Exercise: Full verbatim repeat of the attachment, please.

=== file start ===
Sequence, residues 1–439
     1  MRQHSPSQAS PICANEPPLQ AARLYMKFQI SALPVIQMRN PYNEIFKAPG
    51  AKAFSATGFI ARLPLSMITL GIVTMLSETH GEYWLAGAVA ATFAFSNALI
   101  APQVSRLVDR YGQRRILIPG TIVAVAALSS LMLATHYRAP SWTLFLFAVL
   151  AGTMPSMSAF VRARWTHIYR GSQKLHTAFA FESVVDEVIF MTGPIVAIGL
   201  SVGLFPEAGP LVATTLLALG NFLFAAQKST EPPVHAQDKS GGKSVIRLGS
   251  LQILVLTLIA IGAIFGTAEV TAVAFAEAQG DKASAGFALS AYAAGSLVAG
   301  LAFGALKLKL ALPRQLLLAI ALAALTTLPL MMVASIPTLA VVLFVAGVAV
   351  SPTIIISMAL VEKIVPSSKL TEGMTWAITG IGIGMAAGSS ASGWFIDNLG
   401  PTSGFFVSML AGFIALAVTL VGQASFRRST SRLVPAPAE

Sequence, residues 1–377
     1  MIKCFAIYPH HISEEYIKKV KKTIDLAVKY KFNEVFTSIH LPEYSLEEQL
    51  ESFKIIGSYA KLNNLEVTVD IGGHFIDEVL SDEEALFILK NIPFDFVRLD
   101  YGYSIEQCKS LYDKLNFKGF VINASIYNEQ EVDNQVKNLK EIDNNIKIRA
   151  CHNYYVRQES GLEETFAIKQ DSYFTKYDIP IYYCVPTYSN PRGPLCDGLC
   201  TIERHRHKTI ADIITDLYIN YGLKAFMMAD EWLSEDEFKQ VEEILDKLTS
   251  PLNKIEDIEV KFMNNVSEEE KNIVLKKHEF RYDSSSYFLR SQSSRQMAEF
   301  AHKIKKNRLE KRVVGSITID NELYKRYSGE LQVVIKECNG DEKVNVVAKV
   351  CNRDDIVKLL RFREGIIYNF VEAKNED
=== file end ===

Sequence, residues 1–439
     1  MRQHSPSQAS PICANEPPLQ AARLYMKFQI SALPVIQMRN PYNEIFKAPG
    51  AKAFSATGFI ARLPLSMITL GIVTMLSETH GEYWLAGAVA ATFAFSNALI
   101  APQVSRLVDR YGQRRILIPG TIVAVAALSS LMLATHYRAP SWTLFLFAVL
   151  AGTMPSMSAF VRARWTHIYR GSQKLHTAFA FESVVDEVIF MTGPIVAIGL
   201  SVGLFPEAGP LVATTLLALG NFLFAAQKST EPPVHAQDKS GGKSVIRLGS
   251  LQILVLTLIA IGAIFGTAEV TAVAFAEAQG DKASAGFALS AYAAGSLVAG
   301  LAFGALKLKL ALPRQLLLAI ALAALTTLPL MMVASIPTLA VVLFVAGVAV
   351  SPTIIISMAL VEKIVPSSKL TEGMTWAITG IGIGMAAGSS ASGWFIDNLG
   401  PTSGFFVSML AGFIALAVTL VGQASFRRST SRLVPAPAE

Sequence, residues 1–377
     1  MIKCFAIYPH HISEEYIKKV KKTIDLAVKY KFNEVFTSIH LPEYSLEEQL
    51  ESFKIIGSYA KLNNLEVTVD IGGHFIDEVL SDEEALFILK NIPFDFVRLD
   101  YGYSIEQCKS LYDKLNFKGF VINASIYNEQ EVDNQVKNLK EIDNNIKIRA
   151  CHNYYVRQES GLEETFAIKQ DSYFTKYDIP IYYCVPTYSN PRGPLCDGLC
   201  TIERHRHKTI ADIITDLYIN YGLKAFMMAD EWLSEDEFKQ VEEILDKLTS
   251  PLNKIEDIEV KFMNNVSEEE KNIVLKKHEF RYDSSSYFLR SQSSRQMAEF
   301  AHKIKKNRLE KRVVGSITID NELYKRYSGE LQVVIKECNG DEKVNVVAKV
   351  CNRDDIVKLL RFREGIIYNF VEAKNED